(A) broadens the flesh behind its head the way a cobra does, feigning repeated strikes, but, having no dangerous fangs and no venom,: Incorrect: comma +ing modifier should be used here. Use of Broadens is incorrect
(B) broadens the flesh behind its head the way a cobra does and feigns repeated strikes, but with no dangerous fangs and no venom, Incorrect: comma +ing modifier should be used here. Use of Broadens is incorrect
(C) broadening the flesh behind its head the way a cobra does and feigning repeated strikes, but it has no dangerous fangs and no venom, and Correct one maintains the parallelism of the list
(D) broadening the flesh behind its head the way a cobra does and feigns repeated strikes, but with no dangerous fangs and no venom, and Incorrect feigns should be feigning for maintaining the correct parallism
(E) broadening the flesh behind its head the way a cobra does, feigning repeated strikes, but with no dangerous fangs and no venom, and Incorrect Feigning should be preceded by and not by Comma

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Re: QOTD: The hognose snake puts on an impressive [#permalink]

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New post 07 Jul 2017, 00:21
How does everyone is getting right answer only after GMATNinja points out the correct answer!!

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Re: QOTD: The hognose snake puts on an impressive [#permalink]

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New post 07 Jul 2017, 04:15
Krishna3764 wrote:
How does everyone is getting right answer only after GMATNinja points out the correct answer!!

Sent from my Lenovo A6020a46 using GMAT Club Forum mobile app


the first reply is reserved for explanation

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QOTD: The hognose snake puts on an impressive [#permalink]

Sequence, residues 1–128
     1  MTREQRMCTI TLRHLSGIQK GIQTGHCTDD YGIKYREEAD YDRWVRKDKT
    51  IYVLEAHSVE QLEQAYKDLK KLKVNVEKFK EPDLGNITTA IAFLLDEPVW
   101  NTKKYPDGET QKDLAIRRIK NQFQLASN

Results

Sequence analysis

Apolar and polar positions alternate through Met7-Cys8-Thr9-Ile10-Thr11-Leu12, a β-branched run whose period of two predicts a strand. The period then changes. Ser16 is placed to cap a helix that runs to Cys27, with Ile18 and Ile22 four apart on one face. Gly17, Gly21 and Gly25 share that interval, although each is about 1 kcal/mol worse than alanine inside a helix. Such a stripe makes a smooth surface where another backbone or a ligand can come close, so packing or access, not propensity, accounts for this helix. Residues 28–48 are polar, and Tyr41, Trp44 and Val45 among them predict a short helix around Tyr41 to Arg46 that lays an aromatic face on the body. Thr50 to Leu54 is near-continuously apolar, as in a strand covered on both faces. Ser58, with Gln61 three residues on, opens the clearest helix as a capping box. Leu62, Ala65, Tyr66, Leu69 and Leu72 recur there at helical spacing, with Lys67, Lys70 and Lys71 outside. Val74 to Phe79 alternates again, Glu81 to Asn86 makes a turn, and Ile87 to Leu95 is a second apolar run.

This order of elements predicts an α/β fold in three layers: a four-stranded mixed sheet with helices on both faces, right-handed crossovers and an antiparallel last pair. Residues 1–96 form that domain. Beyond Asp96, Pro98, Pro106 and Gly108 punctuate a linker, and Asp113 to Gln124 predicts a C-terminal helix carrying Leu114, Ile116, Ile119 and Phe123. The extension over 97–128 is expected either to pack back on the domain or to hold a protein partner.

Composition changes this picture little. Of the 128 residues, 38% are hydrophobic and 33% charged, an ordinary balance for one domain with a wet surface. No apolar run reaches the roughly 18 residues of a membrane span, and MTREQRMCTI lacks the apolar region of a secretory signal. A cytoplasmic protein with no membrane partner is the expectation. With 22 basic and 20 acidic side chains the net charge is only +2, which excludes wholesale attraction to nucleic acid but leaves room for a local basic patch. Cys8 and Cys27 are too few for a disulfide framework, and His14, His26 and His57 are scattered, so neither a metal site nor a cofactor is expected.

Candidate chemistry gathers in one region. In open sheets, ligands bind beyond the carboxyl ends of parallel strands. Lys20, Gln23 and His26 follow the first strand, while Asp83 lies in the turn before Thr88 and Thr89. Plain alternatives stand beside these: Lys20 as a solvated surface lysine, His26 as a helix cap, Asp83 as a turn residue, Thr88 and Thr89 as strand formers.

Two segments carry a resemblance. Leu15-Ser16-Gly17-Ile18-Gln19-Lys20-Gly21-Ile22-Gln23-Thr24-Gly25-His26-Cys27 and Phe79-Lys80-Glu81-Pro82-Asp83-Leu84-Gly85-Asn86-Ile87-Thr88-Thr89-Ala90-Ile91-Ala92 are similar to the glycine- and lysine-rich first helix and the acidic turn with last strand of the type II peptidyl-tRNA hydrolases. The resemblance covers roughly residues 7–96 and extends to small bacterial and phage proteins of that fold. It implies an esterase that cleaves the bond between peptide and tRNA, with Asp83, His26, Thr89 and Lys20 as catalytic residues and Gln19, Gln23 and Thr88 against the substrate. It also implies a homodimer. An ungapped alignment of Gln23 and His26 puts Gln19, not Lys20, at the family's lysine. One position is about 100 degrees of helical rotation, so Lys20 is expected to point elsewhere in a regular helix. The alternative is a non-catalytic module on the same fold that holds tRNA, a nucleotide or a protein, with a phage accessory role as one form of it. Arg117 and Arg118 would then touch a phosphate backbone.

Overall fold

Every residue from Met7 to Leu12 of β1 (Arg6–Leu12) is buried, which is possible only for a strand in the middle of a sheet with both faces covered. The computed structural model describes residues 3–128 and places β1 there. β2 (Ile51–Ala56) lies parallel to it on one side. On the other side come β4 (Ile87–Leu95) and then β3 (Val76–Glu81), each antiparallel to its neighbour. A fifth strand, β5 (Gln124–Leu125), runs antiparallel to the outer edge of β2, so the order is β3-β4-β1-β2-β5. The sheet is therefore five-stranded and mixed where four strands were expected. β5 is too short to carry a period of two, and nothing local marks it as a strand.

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New post 08 Jul 2017, 06:21
The hognose snake puts on an impressive bluff, hissing and rearing back, broadens the flesh behind its head the way a cobra does, feigning repeated strikes, but, having no dangerous fangs and no venom, eventually, if its pursuer is not cowed by the performance, will fall over and play dead.

(A) broadens the flesh behind its head the way a cobra does, feigning repeated strikes, but, having no dangerous fangs and no venom,
(B) broadens the flesh behind its head the way a cobra does and feigns repeated strikes, but with no dangerous fangs and no venom,
(C) broadening the flesh behind its head the way a cobra does and feigning repeated strikes, but it has no dangerous fangs and no venom, and
(D) broadening the flesh behind its head the way a cobra does and feigns repeated strikes, but with no dangerous fangs and no venom, and
(E) broadening the flesh behind its head the way a cobra does, feigning repeated strikes, but with no dangerous fangs and no venom, and



I got this question right but i wanted to know that in Option C the sentence - ",but it has no dangerous fangs and no venom,"
is a independent clause or a dependent clause ?
i thought its an independent since comma is followed by a coordinating conjunction i.e. "but" and it has the pronoun "it"
but in the explanation Expert - "GMATNinja" stated it as dependent clause.

and if it is dependent clause then i guess comma before "but" shouldn't be there.
can someone please explain the flaw in my reasoning :/
thank you

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Re: QOTD: The hognose snake puts on an impressive [#permalink]